“Projects submitted for the Arts Continuity Grants do not have to encompass a direct response by the artist or body to COVID-19, although this is an option if the applicant wishes to do so.”

What the Arts Community Needs to Know

Creative NZ has provided a detailed FAQ and specific examples of typical situations with their advice to help you make smart decisions about your applications. 

One of the most common questions Cardiff hears is, ‘Can I apply for an Emergency Relief Grant and an Arts Continuity grant?’

“The answer is yes, subject to your eligibility. Our standard eligibility criteria for funding applies. One of the key things to remember if you’re planning to apply for both is that there can’t be duplication or disparity between two applications. For example, if you obtain an Emergency Relief Grant, you can’t then use the same income information on your Arts Continuity Grant application.

"Can you collaborate or communicate in a way that will still keep your project alive?”

“Another factor that was important to consider when making your application is that we’re making decisions based on the current alert level – the level at the time of our decision. Because this alert level is movable and there’s no way to know what it might be at the time we make our decision, we advise all arts practitioners to be familiar with what’s permissible at each of the four alert levels.”

Another common question is around applications that were already in the works on Creative NZ’s online funding portal. Anyone applying for the Arts Continuity Grants will need to use the online portal, and you’re able to re-use material from a cancelled application. However, it may need to be reformed.

You’ll need to start a new application in the funding portal, but the cancelled applications are still accessible, so you can copy/paste wording from one to the other.

“If your project was to do with presenting to large groups of people, that’s obviously not going to work any longer, but there might be an aspect you can still get on with or a new way forward. Can you collaborate or communicate in a way that will still keep your project alive?”

Projects that have previously been declined funding are not eligible for resubmission.

What to Do Before 14 April

If you’re planning to apply for one or more of the new funding options through CNZ, Cardiff recommends taking the time to familiarise yourself with the information on the CNZ website.

“The media release breaks down the different types of funding, who they’re for, and their objectives. We’ve also created a detailed FAQ, which has been divided into sections and includes the most common queries we’re receiving about the grants and eligibility. This should be your first port of call.”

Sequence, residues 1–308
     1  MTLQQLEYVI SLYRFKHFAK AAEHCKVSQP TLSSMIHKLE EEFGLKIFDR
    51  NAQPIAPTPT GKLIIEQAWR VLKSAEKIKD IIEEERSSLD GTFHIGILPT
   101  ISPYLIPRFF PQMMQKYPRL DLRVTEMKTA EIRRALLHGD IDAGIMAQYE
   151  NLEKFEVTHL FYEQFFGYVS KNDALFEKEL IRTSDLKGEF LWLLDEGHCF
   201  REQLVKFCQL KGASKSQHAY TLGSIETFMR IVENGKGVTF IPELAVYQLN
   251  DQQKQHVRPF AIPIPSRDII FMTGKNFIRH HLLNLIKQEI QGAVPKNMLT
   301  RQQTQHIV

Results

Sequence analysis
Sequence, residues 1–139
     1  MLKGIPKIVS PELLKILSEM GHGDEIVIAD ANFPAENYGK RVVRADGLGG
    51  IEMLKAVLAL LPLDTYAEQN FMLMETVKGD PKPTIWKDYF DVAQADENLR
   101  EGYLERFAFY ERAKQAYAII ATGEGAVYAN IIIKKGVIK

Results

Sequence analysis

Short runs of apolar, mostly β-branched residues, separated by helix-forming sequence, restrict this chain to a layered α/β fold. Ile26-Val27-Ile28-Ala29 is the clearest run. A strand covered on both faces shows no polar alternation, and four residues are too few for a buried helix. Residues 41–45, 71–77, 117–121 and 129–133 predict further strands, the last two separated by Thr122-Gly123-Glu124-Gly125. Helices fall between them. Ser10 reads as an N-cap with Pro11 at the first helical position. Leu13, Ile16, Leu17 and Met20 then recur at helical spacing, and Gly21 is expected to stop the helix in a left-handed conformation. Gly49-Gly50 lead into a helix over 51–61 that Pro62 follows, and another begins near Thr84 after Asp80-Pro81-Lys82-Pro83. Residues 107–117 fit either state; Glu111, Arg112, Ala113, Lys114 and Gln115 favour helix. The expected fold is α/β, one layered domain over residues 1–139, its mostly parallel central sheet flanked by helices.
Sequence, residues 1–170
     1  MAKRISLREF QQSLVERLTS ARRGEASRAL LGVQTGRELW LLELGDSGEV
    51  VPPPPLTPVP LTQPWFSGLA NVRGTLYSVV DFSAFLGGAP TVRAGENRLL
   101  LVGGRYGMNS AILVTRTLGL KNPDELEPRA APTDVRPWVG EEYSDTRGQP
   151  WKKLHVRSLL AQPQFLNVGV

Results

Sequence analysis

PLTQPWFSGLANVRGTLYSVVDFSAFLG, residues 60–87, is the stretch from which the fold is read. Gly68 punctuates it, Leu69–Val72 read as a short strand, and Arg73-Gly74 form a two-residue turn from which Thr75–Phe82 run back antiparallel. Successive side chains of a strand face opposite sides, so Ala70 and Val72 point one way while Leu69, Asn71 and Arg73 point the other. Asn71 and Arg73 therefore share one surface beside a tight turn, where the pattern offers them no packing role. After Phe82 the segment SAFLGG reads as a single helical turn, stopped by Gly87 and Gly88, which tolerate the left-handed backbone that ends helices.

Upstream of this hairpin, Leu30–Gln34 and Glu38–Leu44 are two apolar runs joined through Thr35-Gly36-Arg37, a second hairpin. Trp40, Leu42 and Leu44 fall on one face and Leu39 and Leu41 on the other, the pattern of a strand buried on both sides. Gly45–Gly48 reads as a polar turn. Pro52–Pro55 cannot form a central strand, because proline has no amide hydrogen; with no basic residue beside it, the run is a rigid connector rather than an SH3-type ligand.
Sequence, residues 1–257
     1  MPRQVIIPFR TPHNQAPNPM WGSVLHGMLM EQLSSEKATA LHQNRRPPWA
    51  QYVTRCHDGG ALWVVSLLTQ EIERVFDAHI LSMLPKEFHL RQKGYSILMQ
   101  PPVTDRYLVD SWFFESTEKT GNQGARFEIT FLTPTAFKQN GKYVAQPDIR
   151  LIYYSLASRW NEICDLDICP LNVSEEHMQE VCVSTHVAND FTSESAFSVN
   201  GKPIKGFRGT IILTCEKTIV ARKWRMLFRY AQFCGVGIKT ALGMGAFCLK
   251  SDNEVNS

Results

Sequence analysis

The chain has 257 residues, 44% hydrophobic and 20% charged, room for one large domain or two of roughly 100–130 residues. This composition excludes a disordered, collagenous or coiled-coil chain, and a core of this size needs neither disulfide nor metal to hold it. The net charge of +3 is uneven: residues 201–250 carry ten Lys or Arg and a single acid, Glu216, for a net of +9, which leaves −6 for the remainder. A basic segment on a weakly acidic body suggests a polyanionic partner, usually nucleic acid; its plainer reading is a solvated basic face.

If you have questions, you can contact CNZ through their dedicated email address: 

There’s also the general phone line – Ph. 0800 CREATIVE (273 284) – which is constantly monitored. Cardiff recommends that you read the FAQs before calling, as once you’re familiar with the new funding models, you’ll be able to have a more high-level conversation about your specific project or needs.

The Next Stage

Emergency Relief grants will be provided once and will support an individual for 12 weeks as a top-up to the WINZ Wage Subsidy. 

Arts Continuity Grants can only be applied for once, for short-term projects that will be finished by the end of September 2020. 

The Relief for Investment Clients is also designed for short-term funding to help stabilise organisations so they can continue to be viable.

What can the arts community expect in the way of ongoing support from Creative New Zealand?

“We expect there to be a second phase of support, from 1 July, which we’ll be able to speak more about following further meetings of the Arts Council,” Michael Moynahan, Chair of Creative New Zealand’s governing body, the Arts Council, states. “It’s premature for us to discuss more than this first phase of our response at the moment, given the profound uncertainty we’re all experiencing.”

Cardiff explains that CNZ support would follow a similar path to the Christchurch earthquakes response. “We had a first phase which was about an immediate emergency response and then a second phase which was about new ways of working and the new reality. Nobody can predict what that future is going to be, including us. But we will be responding to the next lot of scenarios which will inevitably arise.” 

While Cardiff does not want to minimise the devastating impact COVID-19 has had and will continue to have on people’s lives, she’s heartened by the response of the arts community across the country. “The enforced period of non-activity has allowed for more reflection, collaboration, and kindness. People are reaching out in their communities to help, provide information, and include others whose voices might not otherwise have been heard. The community is resilient and open to change.”

Written by

Steff Green

8 Apr 2020

Steff Green is a bestselling paranormal and fantasy author (under the penname Steffanie Holmes), and a popular speaker and teacher on self-publishing and building a sustainable writing career.